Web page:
Markets are torn right now between wanting to believe wholeheartedly in the spate of recent economic releases that point to a sharp rebound in activity versus concern over rising virus cases and all that that could mean for squashing the recovery. Yesterday, the concerned side won as Treasuries rallied and stocks suffered narrow losses. This morning, it’s just the opposite with equities indicated higher and Treasuries a bit lower in price. As for now, the market seems to be accepting a higher level of infection as long as it doesn’t overwhelm medical resources. If beds and medical staff are available, economies will remain open and activity should continue to build. But if there’s one thing we’ve learned with this virus it’s to not underestimate it. Some areas are likely to see rapid case count growth (see Florida, Texas and Arizona currently), and if it continues expect consumer behavior to be affected. For now, the tug-of-war between the two sentiments are nearly equal and that points to a continued range-bound market in bonds while equities are more optimistic and want to continue higher.
We’ve often mentioned the Leading Index in the past year as it was signaling trouble long before there was anything apparent in most economic numbers. The reason we focused on it was that in the past when it went negative and stayed there, it had an uncanny ability to predict a recession. This time, in the past year it flirted with zero but never consistently went negative. Obviously, with the economy put in lock down in March the index moved firmly through zero as shown.
The sudden and historic drop in March to a -7.5% reading improved slightly in April to –6.1%, but the rebound in May was equally as stunning as the drop in March. The 2.8% surge represents a record for the index that dates back to WWII. The index itself is comprised of 88 forward-looking indicators with some of the most consequential being: Average Hourly Workweek, Jobless Claims, ISM New Orders, Building Permits, S&P500 Stock Index, and Consumer Expectations. The rebound in stocks, the bounce in consumer confidence and manufacturing activity (discussed more in the next section) all had a hand in the bounce. Everything was pointing in the same direction for May and a V-shaped rebound is what the index produced. As we’ve mentioned before, keeping the consumer confident and factories reopening will require a sense of control over virus case counts. If the current increases continue, many of these indicators can head south taking the fragile economic rebound with it.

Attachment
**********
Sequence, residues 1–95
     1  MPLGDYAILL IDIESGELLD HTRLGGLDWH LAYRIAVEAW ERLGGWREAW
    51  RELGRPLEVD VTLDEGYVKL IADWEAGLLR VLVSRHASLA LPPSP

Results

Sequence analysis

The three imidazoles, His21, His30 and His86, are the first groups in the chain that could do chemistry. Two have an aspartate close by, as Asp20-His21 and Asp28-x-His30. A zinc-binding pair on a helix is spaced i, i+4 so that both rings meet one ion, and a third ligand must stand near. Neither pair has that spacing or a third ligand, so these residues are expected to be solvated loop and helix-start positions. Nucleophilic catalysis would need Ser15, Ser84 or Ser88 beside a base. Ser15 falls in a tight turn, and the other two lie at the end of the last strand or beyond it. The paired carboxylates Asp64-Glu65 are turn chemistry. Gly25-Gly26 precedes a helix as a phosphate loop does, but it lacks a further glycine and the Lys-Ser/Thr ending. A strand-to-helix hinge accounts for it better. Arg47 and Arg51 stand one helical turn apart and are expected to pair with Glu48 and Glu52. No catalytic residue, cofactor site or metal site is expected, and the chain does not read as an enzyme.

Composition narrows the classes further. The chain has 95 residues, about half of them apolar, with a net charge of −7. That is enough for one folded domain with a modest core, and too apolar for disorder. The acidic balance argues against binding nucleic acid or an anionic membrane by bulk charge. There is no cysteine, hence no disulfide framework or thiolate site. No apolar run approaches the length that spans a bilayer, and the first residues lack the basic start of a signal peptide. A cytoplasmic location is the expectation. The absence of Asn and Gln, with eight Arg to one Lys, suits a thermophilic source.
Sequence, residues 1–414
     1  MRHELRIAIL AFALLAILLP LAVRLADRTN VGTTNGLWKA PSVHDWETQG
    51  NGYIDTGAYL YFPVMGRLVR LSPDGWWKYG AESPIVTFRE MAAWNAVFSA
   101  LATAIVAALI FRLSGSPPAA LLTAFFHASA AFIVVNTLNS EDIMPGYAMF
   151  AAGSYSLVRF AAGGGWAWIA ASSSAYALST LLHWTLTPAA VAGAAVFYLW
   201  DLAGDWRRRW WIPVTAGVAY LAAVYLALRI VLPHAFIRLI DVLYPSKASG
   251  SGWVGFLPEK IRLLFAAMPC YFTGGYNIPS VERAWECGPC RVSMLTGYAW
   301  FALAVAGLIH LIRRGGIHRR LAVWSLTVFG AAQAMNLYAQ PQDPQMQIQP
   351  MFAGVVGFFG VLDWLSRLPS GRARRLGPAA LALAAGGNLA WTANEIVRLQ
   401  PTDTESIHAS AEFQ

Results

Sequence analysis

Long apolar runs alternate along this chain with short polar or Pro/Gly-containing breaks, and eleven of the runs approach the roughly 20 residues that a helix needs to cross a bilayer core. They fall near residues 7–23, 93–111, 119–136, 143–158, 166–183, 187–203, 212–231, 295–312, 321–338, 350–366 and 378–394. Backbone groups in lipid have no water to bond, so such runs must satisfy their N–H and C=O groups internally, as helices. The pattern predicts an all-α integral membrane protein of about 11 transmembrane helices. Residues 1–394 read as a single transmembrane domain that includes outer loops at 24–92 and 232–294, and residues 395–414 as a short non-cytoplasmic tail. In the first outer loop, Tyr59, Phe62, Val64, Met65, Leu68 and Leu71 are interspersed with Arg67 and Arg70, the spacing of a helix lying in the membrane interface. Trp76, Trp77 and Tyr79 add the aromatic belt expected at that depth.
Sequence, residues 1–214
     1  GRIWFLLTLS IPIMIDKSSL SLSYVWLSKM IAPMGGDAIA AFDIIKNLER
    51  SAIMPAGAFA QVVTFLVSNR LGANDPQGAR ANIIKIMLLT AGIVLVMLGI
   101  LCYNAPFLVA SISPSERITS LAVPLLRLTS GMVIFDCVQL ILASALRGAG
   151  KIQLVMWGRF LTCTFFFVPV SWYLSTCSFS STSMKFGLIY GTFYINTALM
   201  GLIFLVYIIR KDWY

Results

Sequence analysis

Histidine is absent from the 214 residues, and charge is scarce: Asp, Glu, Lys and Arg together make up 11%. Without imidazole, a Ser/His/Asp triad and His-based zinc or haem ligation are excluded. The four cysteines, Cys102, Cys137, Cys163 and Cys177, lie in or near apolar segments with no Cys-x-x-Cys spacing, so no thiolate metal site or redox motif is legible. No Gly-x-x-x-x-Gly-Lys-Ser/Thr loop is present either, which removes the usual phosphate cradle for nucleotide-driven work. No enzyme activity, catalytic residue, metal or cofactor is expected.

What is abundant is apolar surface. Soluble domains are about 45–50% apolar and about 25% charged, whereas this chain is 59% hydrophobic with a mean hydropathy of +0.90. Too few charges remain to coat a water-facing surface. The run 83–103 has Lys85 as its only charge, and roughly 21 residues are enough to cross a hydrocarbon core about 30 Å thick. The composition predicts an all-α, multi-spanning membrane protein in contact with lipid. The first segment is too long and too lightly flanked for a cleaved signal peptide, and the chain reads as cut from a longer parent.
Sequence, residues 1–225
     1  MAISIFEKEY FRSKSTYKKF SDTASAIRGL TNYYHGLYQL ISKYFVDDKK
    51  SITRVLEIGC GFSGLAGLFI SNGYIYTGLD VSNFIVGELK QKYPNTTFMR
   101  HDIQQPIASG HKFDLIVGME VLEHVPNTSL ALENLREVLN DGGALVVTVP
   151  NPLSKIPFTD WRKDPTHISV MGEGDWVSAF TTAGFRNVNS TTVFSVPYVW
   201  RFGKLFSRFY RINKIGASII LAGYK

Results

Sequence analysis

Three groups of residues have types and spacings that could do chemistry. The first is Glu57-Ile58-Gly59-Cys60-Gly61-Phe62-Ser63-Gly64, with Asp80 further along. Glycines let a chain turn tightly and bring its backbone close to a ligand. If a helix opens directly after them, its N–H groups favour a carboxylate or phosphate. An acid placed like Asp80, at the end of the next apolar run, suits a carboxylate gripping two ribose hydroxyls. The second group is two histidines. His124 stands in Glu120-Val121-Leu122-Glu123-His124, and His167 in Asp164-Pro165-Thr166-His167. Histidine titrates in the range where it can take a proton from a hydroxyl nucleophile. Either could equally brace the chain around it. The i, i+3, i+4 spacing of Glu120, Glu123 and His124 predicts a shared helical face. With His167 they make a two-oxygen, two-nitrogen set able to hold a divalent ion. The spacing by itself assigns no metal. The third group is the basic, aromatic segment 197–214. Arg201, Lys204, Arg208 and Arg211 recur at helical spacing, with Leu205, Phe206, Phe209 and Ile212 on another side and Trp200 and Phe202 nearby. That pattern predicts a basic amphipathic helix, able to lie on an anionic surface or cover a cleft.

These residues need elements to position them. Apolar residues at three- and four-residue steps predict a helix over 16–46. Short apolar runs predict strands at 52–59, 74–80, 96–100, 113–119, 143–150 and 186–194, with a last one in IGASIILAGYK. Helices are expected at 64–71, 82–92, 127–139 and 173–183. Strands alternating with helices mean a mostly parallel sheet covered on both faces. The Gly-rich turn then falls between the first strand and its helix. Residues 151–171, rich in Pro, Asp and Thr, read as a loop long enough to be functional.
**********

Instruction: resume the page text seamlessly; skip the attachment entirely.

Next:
Manufacturing Indicators Point to V-Shaped Rebound
Last week in this space we highlighted the University of Michigan Consumer Sentiment reading and noted that the May level was better than April and the initial June reading was better than May. The 78.9 reading beat the 75.0 expectation and was up from May’s 72.3 print. Clearly the consumer is expressing increased confidence and their words were put into action as the May Retail Sales Report doubled healthy expectations and effectively erased the April nosedive in sales. Away from the consumer, the manufacturing sector is also showing signs of life. The Philly Fed Manufacturing survey reported a similar bounce in June and the bounce coincides with other recent manufacturing indices as well. The chart below tracks some of those and the V-shaped rebound is apparent. Now, if we can keep consumers shopping and factories humming through this uptick in cases it bodes well for a solid rebound in the third quarter; if not, well, kiss the V-shaped rebound goodbye.
Decline in Initial Jobless Claims Slows
The most timely look at the tenuous economic recovery has to be the Weekly Initial Jobless Claims series. We mentioned earlier that it’s one of 88 indicators in the Leading Index and certainly the decline in claims since the record 6.897 million on March 27th contributed to the rebound in that index. The latest week saw claims dip from 1.566 million to 1.508 million as the pace of firings slowed but remained stubbornly high, nonetheless. Expectations were that claims would drop to 1.209 million so it’s disappointing in that regard. So while claims continue to recede from the record high back in March, they are declining at a slower pace, and if that trend persists it points to an elevated unemployment rate well into the next year, and a Fed remaining very accommodative.
|Treasury Curve||Today||Chg Last Wk.||LIBOR Rates||Today||Chg Last Wk.||FF/Prime||Rate||Swap Rates||Rate|
|3 Month||0.14%||-0.02%||1 Mo LIBOR||0.19%||UNCH||FF Target Rate||0.00%-0.25%||3 Year||0.275%|
|6 Month||0.10%||-0.02%||2 Mo LIBOR||0.32%||UNCH||Prime Rate||3.25%||5 Year||0.383%|
|2 Year||0.19%||UNCH||6 Mo LIBOR||0.42%||-0.01%||IOER||0.10%||10 Year||0.708%|
|10 Year||0.73%||+0.03%||12 Mo LIBOR||0.58%||-0.07%||SOFR||0.09%|